All sorts of events marking the formation of the Royal Air Force a century ago are happening here, across the UK and overseas.
Under the banner of RAF100, it’s an on-going celebration of remarkable history that began on April 1st 1918 when the RAF was established as a separate Service, independent of the British Army and Royal Navy.
It was an historic first – no other country maintained a self-contained air force.
The new RAF, with its own ministry and Secretary of State for Air, was the most powerful air force in the world with over 290,000 personnel and nearly 23,000 aircraft.
It fought effectively from April 1st 1918 over the Western Front, and by First World War had a significant presence across Northern Ireland with more than 28 airfields extending from the Ards Peninsula to Lough Erne.
Several Polish fighter squadrons were based here, and concentrating on the Battle of the Atlantic, defending vital allied convoys, aircraft from Northern Ireland sank numerous U-boats and, notably, assisted in the sinking of Hitler’s dreaded Bismarck.
Almost 12,000 men and women from Northern Ireland volunteered to serve in the RAF during Second World War with 1,352 losing their lives.
“We drove everybody everywhere,” 90-year-old Rita Hamilton told Roamer.
Rita was a WAAF (Women’s Auxiliary Air Force) driver at Castle Archdale sea-plane base during Second World War, from 1943 until she was demobbed in 1947.
A Catalina based there famously found the Bismarck exactly 77-years-ago tomorrow, May 26th 1941.
Rita often pedalled her bicycle around the family farm when she was a child, and sat on her dad’s knee at the wheel of their car, but the first motor vehicle she ever drove was a three ton truck during WAAF training in England.
She was 18-years-old at the time.
Her duties at Castle Archdale were as varied as her vehicles.
“We drove supplies of beer or groceries to the officers’ mess, we delivered depth charges to the seaplanes in trucks, we drove ambulances,” Rita recounted.
By the summer of 1942 an Atlantic convoy-ship was sunk every four hours by the Germans, strangling Britain’s vital imports.
Three key operations were urgently activated at a key location – Lough Erne in Co Fermanagh – where there’ll be special RAF100 commemorations this weekend and next Saturday.
St Angelo Airport, previously known as Rossahilly Aerodrome, was taken over by the RAF in August 1941 and became an air defence base for Beaufighters, Flying Fortresses and Spitfires.
Air crew training was initiated at a base at Killadeas, now the Lough Erne Yacht Club, where an RAF100 celebration is being held next Saturday, June 2nd.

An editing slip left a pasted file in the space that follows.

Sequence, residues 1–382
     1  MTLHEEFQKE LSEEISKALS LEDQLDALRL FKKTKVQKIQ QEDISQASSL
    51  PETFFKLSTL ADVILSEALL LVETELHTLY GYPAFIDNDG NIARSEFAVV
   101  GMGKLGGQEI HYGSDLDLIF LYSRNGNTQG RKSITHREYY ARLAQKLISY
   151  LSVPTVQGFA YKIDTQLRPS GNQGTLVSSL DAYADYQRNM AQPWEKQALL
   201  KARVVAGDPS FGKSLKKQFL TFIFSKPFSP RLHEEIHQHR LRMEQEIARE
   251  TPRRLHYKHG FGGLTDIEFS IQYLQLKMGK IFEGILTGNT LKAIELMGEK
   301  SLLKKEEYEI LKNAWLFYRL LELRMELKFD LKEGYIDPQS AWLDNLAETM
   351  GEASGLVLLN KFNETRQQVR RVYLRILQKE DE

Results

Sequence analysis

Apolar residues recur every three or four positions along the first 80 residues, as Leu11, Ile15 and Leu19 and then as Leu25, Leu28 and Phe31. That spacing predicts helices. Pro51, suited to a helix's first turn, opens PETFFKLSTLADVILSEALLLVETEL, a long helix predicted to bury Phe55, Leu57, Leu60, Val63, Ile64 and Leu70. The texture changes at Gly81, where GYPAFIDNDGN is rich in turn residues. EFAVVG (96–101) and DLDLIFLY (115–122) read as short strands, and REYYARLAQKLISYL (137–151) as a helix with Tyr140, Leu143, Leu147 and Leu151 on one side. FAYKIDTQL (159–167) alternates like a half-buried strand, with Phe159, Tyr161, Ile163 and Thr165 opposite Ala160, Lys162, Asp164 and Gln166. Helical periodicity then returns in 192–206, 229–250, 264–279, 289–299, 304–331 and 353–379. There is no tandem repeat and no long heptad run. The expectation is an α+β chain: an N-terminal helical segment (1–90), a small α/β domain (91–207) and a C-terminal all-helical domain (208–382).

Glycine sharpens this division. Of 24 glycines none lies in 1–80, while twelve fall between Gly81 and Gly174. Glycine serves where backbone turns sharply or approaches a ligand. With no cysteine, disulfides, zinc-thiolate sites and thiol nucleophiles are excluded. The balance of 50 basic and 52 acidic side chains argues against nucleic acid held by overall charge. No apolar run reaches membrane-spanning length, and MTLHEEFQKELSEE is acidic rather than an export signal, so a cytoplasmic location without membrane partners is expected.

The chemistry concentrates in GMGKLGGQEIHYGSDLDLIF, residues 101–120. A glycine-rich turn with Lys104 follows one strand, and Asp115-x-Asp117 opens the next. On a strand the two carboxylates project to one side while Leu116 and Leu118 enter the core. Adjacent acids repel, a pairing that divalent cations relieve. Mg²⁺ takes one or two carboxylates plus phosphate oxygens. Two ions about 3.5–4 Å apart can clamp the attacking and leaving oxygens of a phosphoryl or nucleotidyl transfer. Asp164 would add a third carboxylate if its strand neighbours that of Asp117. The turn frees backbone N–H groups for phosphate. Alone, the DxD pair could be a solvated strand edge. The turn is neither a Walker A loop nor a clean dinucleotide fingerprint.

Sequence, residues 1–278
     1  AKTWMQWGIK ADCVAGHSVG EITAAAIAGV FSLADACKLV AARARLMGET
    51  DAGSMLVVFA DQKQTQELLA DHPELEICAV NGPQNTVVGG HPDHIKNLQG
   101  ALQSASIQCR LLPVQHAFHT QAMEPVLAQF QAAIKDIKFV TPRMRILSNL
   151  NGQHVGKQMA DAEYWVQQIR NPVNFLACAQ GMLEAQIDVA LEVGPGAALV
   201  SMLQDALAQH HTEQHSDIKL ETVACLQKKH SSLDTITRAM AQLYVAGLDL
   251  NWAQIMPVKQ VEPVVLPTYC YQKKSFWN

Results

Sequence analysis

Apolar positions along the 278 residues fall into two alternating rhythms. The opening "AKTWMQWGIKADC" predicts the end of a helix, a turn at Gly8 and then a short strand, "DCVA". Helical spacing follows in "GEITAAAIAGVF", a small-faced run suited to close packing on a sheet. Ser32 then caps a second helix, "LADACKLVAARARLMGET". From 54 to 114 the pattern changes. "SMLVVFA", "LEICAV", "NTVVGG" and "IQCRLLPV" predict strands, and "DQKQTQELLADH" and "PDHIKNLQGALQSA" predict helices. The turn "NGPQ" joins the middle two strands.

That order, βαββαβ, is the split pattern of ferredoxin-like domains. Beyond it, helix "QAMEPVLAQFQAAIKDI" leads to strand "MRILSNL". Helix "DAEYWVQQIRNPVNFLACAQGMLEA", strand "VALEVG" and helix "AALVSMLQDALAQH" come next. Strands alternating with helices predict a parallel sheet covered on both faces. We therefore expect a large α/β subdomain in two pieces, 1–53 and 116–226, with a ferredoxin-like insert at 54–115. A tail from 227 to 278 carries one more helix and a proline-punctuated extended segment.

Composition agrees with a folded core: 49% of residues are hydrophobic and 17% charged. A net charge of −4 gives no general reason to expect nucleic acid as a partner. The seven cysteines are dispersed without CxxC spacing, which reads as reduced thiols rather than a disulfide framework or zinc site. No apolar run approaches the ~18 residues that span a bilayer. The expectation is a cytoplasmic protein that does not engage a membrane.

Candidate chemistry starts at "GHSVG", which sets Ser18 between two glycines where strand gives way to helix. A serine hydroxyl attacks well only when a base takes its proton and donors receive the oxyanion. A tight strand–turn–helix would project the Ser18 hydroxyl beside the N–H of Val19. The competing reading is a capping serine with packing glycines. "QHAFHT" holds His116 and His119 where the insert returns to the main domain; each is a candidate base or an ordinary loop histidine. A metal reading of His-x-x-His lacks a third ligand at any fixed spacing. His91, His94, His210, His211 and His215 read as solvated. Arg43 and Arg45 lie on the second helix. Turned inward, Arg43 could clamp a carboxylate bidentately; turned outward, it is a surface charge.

Killadeas accommodated 2,800 RAF personnel housed in Nissen huts and a Catalina slipway remains there today.
Air-cover for the beleaguered Atlantic convoys came from the famous flying boat base at Castle Archdale, now a popular Country Park with a Second World War museum and Caravan Park.
Flying boats such as the Sunderland, Stranraer, Lerwick and Catalina, took off from and landed on Lough Erne at Castle Archdale.
This weekend’s RAF100 celebrations on Saturday and Sunday take place in and around the Caravan Park, situated on part of the original flying-boat base.
Rita Hamilton and her friend and colleague WAAF driver Francis (Frankie) Hornby, with nine or ten other women drivers, celebrated VE Day on a RAF motorboat on Lough Erne after hearing Winston Churchill announcing victory on the radio.
“We may allow ourselves a brief period of rejoicing,” said Churchill during his historic broadcast on May 8th 1945,“but let us not forget for a moment the toil and efforts that lie ahead.”
Two young RAF boatmen ferried Rita, Frankie and their WAAF chums around the islands on their celebration voyage.
“We were all very excited at the news” Rita remembers, “we were so happy that everything was over.”
“It was an unforgettable trip,” added Rita, more used to chauffeuring two of Northern Ireland’s RAF Air Commodores around the country in a comfortable Humber Snipe!
She also drove air crews to the slipways for their sorties over the Atlantic.
“Some didn’t come back, sadly,” she recounted “but that was part of the war.”
A host of memories will be recalled this weekend and next Saturday at Lough Erne.
The Ulster Aviation Society’s Spitfire will be exhibited at both events, and for Enniskillen-born Bill Eames, watching a Catalina over the Lough next Saturday will evoke powerful memories of his service as a Second World War bomber pilot.
Flight Lieutenant Eames towed a glider full of airborne troops to Normandy for the D-Day landings, and still bears shrapnel wounds from the Battle of Arnhem. The story of the tens of thousands of American GIs who trained in Northern Ireland during Second World War is well-known, many based in County Fermanagh.
G I Teddy Dixon trained in Antrim, and on the 29th of April 1945 he arrived at the gates of Dachau Concentration camp with the American 42nd Rainbow Division which liberated 33,000 prisoners.
A little of Teddy’s remarkable story was recounted on Roamer’s page recently when a Belfast City Hall reception was held in recognition of his service during the Second World War.
Now in their 90s, both Teddy and Bill will be attending the RAF100 celebrations at the Lough Erne Yacht Club.
They have received special invites from the RAF, as have former WAAF drivers Rita Hamilton and Frankie Hornby who are eager to be there as well.
Information about RAF100 is at www.raf.mod.uk/raf100.